Historical Rhetorics/A Little Aristotle and the Other Socrates/Welch's ''Electric Rhetoric'', chapters 2 & 3

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Welch, Kathleen E. Electric Rhetoric / Classical Rhetoric, Oralism, and a New Literacy. Cambridge, MA: MIT P, 1999.[edit]

Isocrates's Rhetoric[edit]

"For Isocrates, rhetoric consists of language as it constitutes part of thought (that is, interior discourse) and language as it constitutes one's negotiations with the world (that is, exterior discourse). Writing, speaking, and thinking are mutually dependent for him and, I contend, heavily conditioned by the technology of writing" (34).
"[...]rhetoric works toward more complex thinking, part of which derives from the act of writing, which brings with it the ability to construct a disembodied audience" (43).
"[...] logos signifies not simply speech but rather can signify thought, reflection, a story, history, or reasoning" (46).

Nomos or Physis / Rhetoric as Metaphysics or Ornament (Or, [the Paradox of] Sub.stance v. Sytle)[edit]

Here's how I interpret Welch's interpretation of Isocrates (pg. 31). Welch turns the physis/nomos binary on its head. It is not that we are physis-ically perfect and then corrupted by nomos (as, say, we appear in the allegory of the cave, such that by transcending our human institutions, relations, and neighbors we reach a higher ethical/moral knowledge); rather, it is through our ability to come together as neighbors, relations, institutions that we transcend (if that is the right word), our baser human instincts.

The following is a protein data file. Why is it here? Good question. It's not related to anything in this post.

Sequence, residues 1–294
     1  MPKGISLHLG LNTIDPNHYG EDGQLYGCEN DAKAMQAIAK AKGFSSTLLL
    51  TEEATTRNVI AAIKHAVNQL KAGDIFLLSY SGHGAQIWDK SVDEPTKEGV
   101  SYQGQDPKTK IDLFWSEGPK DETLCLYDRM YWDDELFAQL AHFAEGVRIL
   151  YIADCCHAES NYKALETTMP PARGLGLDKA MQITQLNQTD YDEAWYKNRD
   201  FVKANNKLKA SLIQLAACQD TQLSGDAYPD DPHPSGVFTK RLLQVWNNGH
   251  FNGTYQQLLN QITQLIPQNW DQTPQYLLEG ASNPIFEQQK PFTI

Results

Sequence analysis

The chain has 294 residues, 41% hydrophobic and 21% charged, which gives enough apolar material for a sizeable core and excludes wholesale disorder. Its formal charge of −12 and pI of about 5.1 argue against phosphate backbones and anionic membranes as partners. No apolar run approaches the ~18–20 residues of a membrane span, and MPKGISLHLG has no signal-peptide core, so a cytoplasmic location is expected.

Another way I frame her project: instead of thinking about Isocrates in terms of style, let's think of him as articulating a metaphysic. Here's how she puts it:

What happens to classical rhetoric when Isocrates' rhetorical theories are interpreted as a central, and not merely a decorative, part of the ideology that incorporates a traditionally received body of material? (33).

Rhetoric as Ethics[edit]

Words Welch uses to describe Isocrates' logos and rhetoric: associative (pg 32) (vs. abstract), belief (32) (vs certainty), judgment (39-40) (vs. knowledge). For Welch's discussion of judgment vs. philosophy see 39-40. Important for Welch's recasting of Isocrates: he equally insists that strong external discourse equates to strong internal discourse. Fake it to you make it(?)

Welch: "Isocrates claims that rhetorical study can produce wise interior discourse, or deliberation with oneself across a range of subject areas" (35).

"Isocrates returns repeatedly to the development of judgment through the the development of language ability. Writing constitutes a central role in this agenda. Crucially, Isocrates uses the word "philosophia" to signify the development of judgment, not just the gathering of knowledge, so that everyday issues as well as more momentous ones can be negotiated as they develop" (38)

There is a strong ethical basis for Iscorates' rhetoric (see Vitanza's discussion of Isocrates' logos (NSHoR 174). Question: do you train people how to write, or how to live? In other words, to what extent are you responsible (um, Socrates) for the moral choices of your students?